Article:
These keywords were added by machine and not by the authors. This process is experimental and the keywords may be updated as the learning algorithm improves.


Unable to display preview. Download preview PDF.

Unable to display preview. Download preview PDF.


  1. [1.]
    Antinol., G., Huybens, E.: Capital accumulation and real exchange rate behavior in a small open economy with credit market frictions. Economic Theory 12, 461–488 (1998)Google Scholar
  2. [2.]
    Azariadis, C.: Intertemporal macroeconomics. Cambridge: Blackwell Publishers 1993Google Scholar
  3. [3.]
    Bernanke, B. S., Gertler, M.: Agency costs, net worth, and business fluctuations. American Economic Review 79, 14–31 (1989)Google Scholar
  4. [4.]
    Boyd, J. H., Smith, B. D.: How good are standard debt contracts?: Stochastic versus nonstochastic monitoring in a costly state verification environment. Journal of Business 67, 539–561 (1994)CrossRefGoogle Scholar
  5. [5.]
    Boyd, J. H., Smith, B. D.: Capital market imperfections, international credit markets, and nonconvergence. Journal of Economic Theory 73, 335–64 (1997)CrossRefGoogle Scholar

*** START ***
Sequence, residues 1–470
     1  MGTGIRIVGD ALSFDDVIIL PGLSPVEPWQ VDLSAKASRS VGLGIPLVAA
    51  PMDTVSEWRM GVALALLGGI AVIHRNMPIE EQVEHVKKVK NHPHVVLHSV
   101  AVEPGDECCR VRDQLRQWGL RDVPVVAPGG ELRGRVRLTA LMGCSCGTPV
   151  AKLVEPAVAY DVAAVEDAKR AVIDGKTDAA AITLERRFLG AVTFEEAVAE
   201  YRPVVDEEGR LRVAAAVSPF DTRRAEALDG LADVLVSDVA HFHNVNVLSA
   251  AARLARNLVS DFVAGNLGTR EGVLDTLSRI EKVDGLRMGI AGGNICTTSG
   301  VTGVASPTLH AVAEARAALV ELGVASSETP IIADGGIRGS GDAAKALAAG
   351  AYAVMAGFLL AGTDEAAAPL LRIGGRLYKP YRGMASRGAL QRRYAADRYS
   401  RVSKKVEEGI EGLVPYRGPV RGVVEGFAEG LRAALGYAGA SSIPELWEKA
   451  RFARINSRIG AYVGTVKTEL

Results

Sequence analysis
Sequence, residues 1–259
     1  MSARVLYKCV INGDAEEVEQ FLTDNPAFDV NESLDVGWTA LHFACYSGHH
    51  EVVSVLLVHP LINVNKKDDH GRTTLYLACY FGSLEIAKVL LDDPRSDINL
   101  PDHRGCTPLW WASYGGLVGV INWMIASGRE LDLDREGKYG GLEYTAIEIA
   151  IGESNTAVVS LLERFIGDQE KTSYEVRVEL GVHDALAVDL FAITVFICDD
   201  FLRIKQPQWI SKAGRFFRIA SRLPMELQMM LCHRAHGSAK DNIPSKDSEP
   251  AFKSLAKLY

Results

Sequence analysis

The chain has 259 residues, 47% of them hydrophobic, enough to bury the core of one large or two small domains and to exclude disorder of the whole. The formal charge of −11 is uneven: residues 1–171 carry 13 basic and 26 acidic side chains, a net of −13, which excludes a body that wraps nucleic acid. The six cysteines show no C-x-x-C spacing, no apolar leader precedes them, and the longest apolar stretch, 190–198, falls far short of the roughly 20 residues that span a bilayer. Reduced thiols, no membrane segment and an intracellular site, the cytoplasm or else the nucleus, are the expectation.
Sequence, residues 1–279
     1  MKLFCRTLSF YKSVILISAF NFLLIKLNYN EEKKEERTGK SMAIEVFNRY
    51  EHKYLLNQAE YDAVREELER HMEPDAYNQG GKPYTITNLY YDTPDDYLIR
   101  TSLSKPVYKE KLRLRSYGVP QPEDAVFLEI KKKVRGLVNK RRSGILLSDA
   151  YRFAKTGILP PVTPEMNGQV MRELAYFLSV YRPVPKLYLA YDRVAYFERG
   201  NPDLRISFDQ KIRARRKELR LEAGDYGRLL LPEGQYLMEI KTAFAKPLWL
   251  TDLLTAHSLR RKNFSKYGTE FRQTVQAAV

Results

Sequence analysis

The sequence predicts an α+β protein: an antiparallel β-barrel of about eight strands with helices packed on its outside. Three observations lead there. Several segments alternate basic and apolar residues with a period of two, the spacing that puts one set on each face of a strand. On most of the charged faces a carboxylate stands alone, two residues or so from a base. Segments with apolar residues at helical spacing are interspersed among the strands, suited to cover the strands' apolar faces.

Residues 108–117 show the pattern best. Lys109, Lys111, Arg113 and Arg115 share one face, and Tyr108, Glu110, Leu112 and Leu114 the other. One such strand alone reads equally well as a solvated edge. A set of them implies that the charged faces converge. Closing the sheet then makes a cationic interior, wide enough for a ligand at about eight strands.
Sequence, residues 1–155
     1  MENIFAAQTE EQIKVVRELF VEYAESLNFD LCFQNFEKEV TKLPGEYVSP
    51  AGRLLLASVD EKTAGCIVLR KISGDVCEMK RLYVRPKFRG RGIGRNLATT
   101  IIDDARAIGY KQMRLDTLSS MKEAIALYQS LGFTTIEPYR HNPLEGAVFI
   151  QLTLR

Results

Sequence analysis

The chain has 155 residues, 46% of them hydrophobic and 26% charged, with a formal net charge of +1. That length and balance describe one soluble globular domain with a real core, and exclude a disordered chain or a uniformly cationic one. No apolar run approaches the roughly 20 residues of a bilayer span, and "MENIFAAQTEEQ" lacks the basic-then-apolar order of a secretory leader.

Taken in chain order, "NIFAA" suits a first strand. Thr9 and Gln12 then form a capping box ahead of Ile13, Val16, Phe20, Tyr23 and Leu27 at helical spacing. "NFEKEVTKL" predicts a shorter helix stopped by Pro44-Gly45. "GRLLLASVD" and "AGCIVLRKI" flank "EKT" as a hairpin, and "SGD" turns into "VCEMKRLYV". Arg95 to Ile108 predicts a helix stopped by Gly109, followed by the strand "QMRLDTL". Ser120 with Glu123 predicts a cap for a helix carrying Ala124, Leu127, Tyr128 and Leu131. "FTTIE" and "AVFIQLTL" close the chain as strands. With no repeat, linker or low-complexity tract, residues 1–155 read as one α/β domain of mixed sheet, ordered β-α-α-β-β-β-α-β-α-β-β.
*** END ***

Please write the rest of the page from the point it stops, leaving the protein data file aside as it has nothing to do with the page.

6. [6.]
    Boyd, J. H., Smith, B. D.: Capital market imperfections in a monetary growth model. Economic Theory 11, 241–273 (1998)CrossRefGoogle Scholar
  7. [7.]
    Caballero, R. J., Krishnamurthy, A.: Emerging market crises: An asset market perspective. NBER Working Paper 6843 (1998)Google Scholar
  8. [8.]
    Calvo, G.: Balance of payment crises in emerging markets. Manuscript, University of Maryland (1998)Google Scholar
  9. [9.]
    Calvo, G.: Why is “the market” so unforgiving?:Lessons from the tequilazo.Manuscript, University of Maryland (1998)Google Scholar